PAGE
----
This week I will be translating a series of letters that have appeared in the press recently about Galician. Today, two very contrasting viewpoints about young people and the education system….

Excerpt from letter to the Xornal de Galicia, 24th June

…I speak of my experiences as a teacher in Corunna city. In my high school at the moment, about 40-50% of studying is done in Galician with the remainder in Spanish. While dealing with the students on a daily basis, it concerns me that they are unable to string a few sentences in Galician together. They begin the sentence, stop short, think about it and then begin speaking again. They lack fluency and spontaneity while having no problem in Spanish. Furthermore, every single sentence of the little Galician they speak is badly articulated. If it’s not throwing in Spanish words (“ayer”, “bueno”, dibujo”) then it’s bad collocation of pronouns or use of compound tenses, e.g. habíamos feito instead of fixemos (note: compound tenses like the former are not used in Galician). If this happens in a school where 40% of content is in Galician, I shudder to think what it’s like in schools where less Galician is used, nor do I wish to dwell on what the future will be like under the newly proposed decree…

L.S. A Coruña

Galidonia comment: The writer goes on to say that for this reason more Galician rather than less needs to be taught in schools.

A Very Different Point of View, Letter from El País, 30th June

I think identifying members of Galicia Bilingüe with the right wing is totally inaccurate. I am an activist with a (non-nationalist) left wing party and agree with GB’s stance. I agree that our youngsters arrive at university barely knowing how to write in Spanish. Also I agree that in secondary education they teach how the Golden Age, the era of Lope de Vega and Quevedo, constitutes a dark chapter in Galician history. Furthermore I agree that diglossia exists and that Spanish will have to disappear so that this phenomenon does not occur. Of course the Galician language must be protected, and it is because a school subject with this name already exists and is compulsory in the final evaluation. But the idea of teaching all subjects in Galician, except the subject of Spanish, is going to lead to an abyss of unpredictable consequences which concerns parents of children of school age in Galicia regardless of our political views.

L.H.R. Pontevedra

Galidonia comment: If you were to take both letters at face value, you would be left with the impression that Galicia is producing a generation who are unable to speak Galician and are virtually illiterate in Spanish! I know some intelligent and literate young Galicians who are also very articulate in English, so can things really be half as bad as they are depicted here?

Tuesday, June 30, 2009

Linguistic Success in Galicia?

Linguistic Success in Galicia?

According to a report in El País today (30th June), 90% of civil servants working for the Administración General del Estado (AGE) are bilingual in Galicia and Catalonia, compared to around 70% in Valencia, the Balearics and the Basque Country.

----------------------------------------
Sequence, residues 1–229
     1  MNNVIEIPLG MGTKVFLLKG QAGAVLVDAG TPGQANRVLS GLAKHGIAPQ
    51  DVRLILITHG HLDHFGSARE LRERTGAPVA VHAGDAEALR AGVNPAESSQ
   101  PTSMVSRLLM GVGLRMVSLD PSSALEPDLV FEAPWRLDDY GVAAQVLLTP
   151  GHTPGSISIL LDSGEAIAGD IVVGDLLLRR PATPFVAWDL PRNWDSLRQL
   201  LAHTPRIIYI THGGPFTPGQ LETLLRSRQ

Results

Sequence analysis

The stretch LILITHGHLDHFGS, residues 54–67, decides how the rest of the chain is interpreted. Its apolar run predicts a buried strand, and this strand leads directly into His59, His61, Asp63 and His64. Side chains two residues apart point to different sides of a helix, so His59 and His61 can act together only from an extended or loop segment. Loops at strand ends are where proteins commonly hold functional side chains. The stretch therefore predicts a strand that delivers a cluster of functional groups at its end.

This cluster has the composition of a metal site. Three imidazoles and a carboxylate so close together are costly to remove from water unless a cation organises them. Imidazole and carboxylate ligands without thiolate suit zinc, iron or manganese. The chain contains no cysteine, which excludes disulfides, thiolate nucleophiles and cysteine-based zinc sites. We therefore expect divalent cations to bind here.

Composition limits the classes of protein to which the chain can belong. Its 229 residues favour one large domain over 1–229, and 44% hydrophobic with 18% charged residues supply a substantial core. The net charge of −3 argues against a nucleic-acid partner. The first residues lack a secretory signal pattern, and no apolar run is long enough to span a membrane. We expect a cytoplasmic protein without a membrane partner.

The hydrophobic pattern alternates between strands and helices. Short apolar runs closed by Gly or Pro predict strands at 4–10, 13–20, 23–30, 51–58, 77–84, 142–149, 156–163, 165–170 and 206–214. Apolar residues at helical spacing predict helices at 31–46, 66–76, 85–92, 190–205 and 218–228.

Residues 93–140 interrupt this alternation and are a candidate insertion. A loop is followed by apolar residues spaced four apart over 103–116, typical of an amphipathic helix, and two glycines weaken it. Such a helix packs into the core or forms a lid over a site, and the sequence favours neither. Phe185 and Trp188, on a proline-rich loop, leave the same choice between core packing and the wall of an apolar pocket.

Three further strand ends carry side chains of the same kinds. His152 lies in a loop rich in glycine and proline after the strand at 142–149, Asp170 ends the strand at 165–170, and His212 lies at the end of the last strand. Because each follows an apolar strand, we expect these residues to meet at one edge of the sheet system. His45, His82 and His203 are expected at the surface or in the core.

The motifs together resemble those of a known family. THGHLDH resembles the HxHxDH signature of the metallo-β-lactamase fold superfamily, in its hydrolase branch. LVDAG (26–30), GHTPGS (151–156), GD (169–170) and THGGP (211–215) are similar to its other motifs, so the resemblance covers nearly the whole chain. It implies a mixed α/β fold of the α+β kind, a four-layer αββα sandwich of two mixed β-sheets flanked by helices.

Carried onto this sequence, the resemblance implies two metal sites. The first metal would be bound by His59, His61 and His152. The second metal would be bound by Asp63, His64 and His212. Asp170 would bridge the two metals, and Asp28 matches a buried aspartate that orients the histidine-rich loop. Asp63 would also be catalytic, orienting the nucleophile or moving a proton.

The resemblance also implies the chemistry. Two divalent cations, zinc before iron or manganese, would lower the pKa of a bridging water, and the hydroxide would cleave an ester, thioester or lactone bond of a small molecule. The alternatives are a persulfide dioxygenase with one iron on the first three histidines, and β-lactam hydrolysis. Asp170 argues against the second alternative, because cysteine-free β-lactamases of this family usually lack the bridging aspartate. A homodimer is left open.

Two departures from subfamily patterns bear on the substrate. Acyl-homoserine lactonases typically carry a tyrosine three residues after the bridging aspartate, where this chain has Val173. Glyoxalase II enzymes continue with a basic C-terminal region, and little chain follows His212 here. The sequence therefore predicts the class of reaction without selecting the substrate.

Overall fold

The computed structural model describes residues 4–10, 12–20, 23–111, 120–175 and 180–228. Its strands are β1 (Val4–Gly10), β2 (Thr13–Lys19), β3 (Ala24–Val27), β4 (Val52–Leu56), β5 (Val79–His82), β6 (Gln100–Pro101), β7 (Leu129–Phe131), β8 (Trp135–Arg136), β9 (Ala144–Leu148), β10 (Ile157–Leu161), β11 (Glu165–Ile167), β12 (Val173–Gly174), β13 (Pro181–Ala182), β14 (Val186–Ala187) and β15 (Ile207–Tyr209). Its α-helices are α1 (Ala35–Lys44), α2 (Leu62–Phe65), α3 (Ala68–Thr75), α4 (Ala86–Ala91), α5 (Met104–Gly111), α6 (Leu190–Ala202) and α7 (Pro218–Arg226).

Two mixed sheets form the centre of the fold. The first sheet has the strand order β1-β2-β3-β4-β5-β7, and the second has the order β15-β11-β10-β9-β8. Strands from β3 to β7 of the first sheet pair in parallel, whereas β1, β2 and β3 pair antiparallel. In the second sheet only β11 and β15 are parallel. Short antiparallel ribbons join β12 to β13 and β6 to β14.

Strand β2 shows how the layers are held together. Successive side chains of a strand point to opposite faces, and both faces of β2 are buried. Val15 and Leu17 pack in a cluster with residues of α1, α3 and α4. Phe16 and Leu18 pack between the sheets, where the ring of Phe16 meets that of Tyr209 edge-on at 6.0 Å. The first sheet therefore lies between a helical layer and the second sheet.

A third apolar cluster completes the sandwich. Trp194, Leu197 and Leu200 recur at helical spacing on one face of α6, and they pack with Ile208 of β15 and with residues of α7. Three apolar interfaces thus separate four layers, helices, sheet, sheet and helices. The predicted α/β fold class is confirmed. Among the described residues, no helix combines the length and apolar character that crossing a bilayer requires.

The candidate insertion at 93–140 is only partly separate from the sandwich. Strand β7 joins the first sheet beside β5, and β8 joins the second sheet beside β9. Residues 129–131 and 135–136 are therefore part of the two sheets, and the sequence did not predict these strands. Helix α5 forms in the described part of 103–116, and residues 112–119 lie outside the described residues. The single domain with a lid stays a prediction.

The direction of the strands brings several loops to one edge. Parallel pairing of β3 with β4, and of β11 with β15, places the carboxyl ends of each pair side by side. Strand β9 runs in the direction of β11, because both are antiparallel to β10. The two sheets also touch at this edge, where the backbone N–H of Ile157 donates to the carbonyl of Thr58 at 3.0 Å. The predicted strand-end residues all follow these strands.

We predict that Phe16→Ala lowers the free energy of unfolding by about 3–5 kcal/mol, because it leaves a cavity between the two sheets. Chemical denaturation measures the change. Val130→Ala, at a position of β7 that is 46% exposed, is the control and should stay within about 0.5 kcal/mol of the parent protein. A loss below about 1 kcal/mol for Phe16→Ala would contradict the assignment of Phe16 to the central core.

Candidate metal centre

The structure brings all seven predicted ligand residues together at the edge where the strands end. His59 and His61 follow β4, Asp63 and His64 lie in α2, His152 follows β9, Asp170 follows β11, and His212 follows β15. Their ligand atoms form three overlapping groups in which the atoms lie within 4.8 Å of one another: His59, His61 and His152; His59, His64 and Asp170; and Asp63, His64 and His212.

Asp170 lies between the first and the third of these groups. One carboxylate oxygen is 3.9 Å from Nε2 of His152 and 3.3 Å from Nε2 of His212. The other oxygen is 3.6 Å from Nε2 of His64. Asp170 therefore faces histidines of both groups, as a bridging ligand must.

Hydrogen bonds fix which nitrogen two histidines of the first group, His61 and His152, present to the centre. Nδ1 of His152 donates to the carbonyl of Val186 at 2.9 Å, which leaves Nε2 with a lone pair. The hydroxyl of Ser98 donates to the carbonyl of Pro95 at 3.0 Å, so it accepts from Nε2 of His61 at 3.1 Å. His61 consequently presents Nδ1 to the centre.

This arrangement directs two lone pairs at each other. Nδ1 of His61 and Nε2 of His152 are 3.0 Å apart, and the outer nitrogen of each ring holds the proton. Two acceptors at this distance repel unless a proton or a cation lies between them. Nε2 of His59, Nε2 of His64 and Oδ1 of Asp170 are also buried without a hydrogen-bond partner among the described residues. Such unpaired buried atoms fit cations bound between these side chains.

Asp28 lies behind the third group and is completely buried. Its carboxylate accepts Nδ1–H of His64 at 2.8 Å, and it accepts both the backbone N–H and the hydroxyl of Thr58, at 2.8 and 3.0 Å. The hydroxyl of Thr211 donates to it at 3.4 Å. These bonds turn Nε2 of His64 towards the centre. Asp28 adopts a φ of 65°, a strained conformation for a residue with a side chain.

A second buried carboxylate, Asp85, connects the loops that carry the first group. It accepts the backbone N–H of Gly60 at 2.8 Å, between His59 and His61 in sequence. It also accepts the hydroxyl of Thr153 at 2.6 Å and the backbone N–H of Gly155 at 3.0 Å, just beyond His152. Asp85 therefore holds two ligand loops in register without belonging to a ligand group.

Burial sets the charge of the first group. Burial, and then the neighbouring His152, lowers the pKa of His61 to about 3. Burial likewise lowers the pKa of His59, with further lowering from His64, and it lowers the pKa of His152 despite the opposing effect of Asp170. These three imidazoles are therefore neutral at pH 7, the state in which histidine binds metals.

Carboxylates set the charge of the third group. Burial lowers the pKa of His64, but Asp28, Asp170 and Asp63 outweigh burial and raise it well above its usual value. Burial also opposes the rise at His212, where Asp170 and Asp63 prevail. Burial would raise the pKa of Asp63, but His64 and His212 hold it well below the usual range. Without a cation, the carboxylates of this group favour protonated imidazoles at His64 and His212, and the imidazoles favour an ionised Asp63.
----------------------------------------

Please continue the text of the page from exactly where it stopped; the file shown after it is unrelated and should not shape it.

These are the conclusions of a report carried out by the AGE’s department for official languages itself. However, the Council of Europe is not entirely satisfied with those figures, and in a separate report last December, demanded that the AGE give more support to co-official languages, claiming there were weak areas in legal circles, postal and train services (RENFE).

The Age report admits that the security forces are the area most wanting, “well below 50%” due to their mobility. According to the AGE report “practically 100% of personnel in AGE services speak Galician (with only 40% of them defined as primarily Galician native speakers), compared to the second most successful area in this respect – Catalonia – where the figure is again said to be close to 100% in Girona and Lleida and around 85% in Barcelona and Tarragona.

I’m sure these statistics will be seriously questioned by Galician and Catalan language activists. From my point of view, this raises the question of what it actually means to speak Galician (or any other language for that matter) or to be bilingual. Are we talking about an ability and willingness to switch between both languages without any difficulty or is it something much more basic than that?

For instance, I could claim to speak French, Italian or Scottish Gaelic. I wouldn’t be lying as I have taken courses in these languages. However, this does not mean that I could comfortably hold a conversation with a native speaker in any of these languages. Far from it if the truth be told. In other words, it is very easy to say you speak a language or tick a box saying that you do but what this means is very subjective. I would seriously question the claim that close to 100% of civil servants in Galicia are bilingual in Galician as I think there are many who lack either/both the ability and willingness to do so.

Willingness to speak the language without reservations or feelings of superiority or inferiority issues is a major factor in my opinion – it is easy to say you can speak a language but if you have reservations about doing so, can you genuinely claim to be bilingual, proficient or even comfortable about speaking the said language in public or everyday situations?

In my experience, many people living in Galicia see Galician as inferior or at least secondary in terms of importance to Spanish; not to mention the view and general attitudes towards other languages of the State in monolingual parts of Spain.